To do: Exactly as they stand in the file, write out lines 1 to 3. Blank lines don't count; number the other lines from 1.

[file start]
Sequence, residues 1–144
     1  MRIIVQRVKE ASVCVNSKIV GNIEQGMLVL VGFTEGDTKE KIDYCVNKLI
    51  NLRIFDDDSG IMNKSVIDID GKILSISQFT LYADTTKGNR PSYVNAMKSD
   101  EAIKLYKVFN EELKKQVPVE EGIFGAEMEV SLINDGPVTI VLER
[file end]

Sequence, residues 1–144
     1  MRIIVQRVKE ASVCVNSKIV GNIEQGMLVL VGFTEGDTKE KIDYCVNKLI
    51  NLRIFDDDSG IMNKSVIDID GKILSISQFT LYADTTKGNR PSYVNAMKSD